Brian Fleming tells us that thousands of students are opting out of learning Irish (Education Today 17th Jan. 2006). An ESRI study concludes that Irish is "the least popular subjects among school students". What has gone wrong? Why after 80 years of force-feeding is Irish so unpopular and spoken by practically no one? Let me explain why the language is all but dead, especially in the quiet, once isolated country places where it was the thriving first language, the small Gaeltacht areas.
The truth is that today less than 20,000 people speak Irish as their native language.
Reg Hindley, a former lecturer at Bradford University, has specialised in studying languages, both Irish and Welsh. He took a sabbatical year from Bradford University to study the status of the Irish and wrote a book called The Death of the Irish Language, published in 1990. His main conclusion is clear and uncompromising. He states, "There is no doubt that the Irish language is now dying". In effect, we are now vying with Portugal as the most monolingual country in Europe -- but at least in Portugal the official language is Portuguese.
Hindley believes the current generation of children who are first language native speakers may well be the last one. And remember all these children speak fluent English. They know, as do their parents, that their job prospects are zero if they do not speak English. Their parents also know that this country would never have had the "Celtic Tiger" if we spoke Irish, not English.
Unlike the children of HiCo parents, we know that the children in Gaeltacht areas think that Irish is really quite boring and certainly not cool. But the state has been blinded to these realities. "The failure to reconcile romantic nationalism and nationalist myth with the realities of Gaeltacht life has been a conspicuous element in the failure to save the language" according to Hindley.
The reasons why Irish is dying are obvious. Irish once thrived in the isolated small communities which spoke it. With the coming of the motorcar and the advent of mass tourism, all this ended. Dingle, for instance, now depends on tourism for its main source of income, and these tourists speak English, whether from London, Paris or Berlin.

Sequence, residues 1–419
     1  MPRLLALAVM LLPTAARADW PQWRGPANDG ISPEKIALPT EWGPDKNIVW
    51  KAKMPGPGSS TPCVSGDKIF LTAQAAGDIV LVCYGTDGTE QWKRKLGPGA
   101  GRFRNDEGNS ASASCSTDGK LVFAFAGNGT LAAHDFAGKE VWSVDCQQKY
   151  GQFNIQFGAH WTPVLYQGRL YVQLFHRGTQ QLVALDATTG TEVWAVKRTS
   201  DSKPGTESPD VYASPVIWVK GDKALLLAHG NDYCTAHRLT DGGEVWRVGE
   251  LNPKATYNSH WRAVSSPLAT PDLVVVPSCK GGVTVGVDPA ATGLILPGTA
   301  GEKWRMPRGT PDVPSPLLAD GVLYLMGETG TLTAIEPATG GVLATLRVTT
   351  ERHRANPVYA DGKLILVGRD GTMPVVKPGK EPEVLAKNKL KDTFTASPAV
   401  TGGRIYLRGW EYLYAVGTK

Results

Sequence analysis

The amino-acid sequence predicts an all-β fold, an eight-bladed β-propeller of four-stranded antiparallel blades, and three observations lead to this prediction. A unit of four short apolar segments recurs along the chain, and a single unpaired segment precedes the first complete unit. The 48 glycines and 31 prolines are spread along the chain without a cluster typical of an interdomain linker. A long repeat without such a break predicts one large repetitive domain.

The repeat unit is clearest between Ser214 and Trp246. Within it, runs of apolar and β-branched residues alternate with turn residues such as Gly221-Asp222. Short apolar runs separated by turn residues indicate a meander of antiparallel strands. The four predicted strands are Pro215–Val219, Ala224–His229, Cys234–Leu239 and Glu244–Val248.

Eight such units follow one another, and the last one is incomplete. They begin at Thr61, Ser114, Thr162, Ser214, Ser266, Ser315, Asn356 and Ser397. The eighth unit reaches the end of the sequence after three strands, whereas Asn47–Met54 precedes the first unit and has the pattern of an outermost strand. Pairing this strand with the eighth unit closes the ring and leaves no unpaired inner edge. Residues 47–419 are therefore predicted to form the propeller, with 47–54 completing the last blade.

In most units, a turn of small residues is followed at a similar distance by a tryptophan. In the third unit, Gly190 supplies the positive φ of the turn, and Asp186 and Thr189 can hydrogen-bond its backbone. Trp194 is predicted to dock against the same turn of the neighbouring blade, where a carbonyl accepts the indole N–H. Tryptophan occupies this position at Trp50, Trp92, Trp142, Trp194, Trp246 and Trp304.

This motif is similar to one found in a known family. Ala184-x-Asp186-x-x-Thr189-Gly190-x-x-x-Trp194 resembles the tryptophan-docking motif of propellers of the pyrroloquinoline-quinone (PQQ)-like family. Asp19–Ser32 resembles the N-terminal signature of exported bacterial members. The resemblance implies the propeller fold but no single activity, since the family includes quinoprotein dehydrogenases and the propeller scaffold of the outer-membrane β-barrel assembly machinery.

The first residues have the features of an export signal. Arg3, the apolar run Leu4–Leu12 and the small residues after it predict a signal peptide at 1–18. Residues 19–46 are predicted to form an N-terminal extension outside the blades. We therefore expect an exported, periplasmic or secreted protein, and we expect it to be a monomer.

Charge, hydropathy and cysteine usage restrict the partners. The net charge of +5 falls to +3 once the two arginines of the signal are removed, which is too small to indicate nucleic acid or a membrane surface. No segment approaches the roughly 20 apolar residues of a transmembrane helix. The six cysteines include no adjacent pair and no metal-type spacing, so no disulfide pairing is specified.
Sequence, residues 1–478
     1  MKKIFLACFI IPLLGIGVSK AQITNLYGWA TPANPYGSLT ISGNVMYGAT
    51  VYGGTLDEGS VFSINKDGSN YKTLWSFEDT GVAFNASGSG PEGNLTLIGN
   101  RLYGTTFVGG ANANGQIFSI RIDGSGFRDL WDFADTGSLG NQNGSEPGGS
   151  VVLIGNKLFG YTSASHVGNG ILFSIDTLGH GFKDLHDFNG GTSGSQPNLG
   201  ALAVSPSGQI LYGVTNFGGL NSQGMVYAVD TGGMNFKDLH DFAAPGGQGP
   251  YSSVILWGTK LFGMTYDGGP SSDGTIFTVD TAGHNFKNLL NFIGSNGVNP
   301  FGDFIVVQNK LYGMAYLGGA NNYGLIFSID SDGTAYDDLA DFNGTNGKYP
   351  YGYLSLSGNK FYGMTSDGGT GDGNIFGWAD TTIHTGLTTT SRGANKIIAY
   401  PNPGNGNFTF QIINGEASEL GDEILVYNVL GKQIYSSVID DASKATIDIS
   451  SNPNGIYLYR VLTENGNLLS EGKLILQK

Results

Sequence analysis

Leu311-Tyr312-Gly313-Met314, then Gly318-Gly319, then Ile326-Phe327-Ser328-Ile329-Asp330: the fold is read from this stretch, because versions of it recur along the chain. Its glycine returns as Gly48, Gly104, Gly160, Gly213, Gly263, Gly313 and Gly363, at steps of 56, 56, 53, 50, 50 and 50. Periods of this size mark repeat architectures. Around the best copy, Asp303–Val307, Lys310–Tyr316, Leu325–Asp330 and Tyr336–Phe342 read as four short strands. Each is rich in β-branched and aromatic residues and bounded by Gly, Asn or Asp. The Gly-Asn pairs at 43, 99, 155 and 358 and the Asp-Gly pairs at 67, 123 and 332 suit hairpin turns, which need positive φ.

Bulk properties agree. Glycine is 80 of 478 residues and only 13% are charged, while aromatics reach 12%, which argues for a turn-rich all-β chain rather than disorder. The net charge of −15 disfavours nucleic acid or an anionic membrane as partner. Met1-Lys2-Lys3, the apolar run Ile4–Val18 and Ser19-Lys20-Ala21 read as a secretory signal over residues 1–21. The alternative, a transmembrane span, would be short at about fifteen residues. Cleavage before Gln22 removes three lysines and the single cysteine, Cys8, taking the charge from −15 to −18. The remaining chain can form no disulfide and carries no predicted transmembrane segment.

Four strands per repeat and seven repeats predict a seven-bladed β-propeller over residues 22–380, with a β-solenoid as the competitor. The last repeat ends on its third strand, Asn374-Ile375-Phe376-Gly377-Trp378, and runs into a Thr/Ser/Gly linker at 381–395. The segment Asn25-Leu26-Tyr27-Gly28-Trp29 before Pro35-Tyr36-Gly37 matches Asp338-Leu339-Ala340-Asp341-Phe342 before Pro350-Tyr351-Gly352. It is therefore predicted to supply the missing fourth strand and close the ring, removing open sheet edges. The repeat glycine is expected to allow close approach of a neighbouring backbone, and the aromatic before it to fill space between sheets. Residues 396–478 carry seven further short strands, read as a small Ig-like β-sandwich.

But what happens if Irish dies in the Gaeltacht areas, as now seems inevitable?
"A country which cannot adequately support at home the people who speak its dying national language, will have grave difficulties in sustaining it into the future", states Hindley. Do the HiCo parents believe this? Doubtful. They will be happy to have their children speaking classroom Irish, a dumbed down, easier to learn version of Irish that native Irish speakers find almost incomprehensible. And can Irish be sustained by only by enthusiastic intellectuals who associate language with nation?
Understandable as it was that the new Free State had as a top priority to revive Irish, it was probably too late by 1922 to succeed.In 1922 only a handful of people were native, monoglot speakers. That decline began as far back as the late seventeenth century when parents increasingly encouraged their children to speak Irish, especially as the penal laws were relaxed.
By the late eighteenth century Irish was "an interest for scholars and occasional Protestant activists as a medium for conversions", according to Hindley. Put simply, Irish people had decided over a period of some 200 years to speak English for very sensible pragmatic reasons.
Let us face facts: despite all sorts of ingenious plans and incentives, the battle has been lost.
And students know it. Irish is not a "sexy" language. Even in Gaeltacht areas teenagers have rejected Irish as a language of romance. One said, "But if you went to a disco in Galway and asked someone to dance in Irish, you'd be absolutely shunned. It's just so uncool, man." For sheer compression, as an obituary for a language, that would be very hard to beat.
It was once believed that the failure to embrace the Irish language is to disavow your very Irishness. This spirit is very much alive today among many adults, but our youth have learnt the way to gain access to knowledge and power is through the language of the Anglophone world. Is it not time to make Irish optional?
(by Robin Bury - originally published in the Irish Times)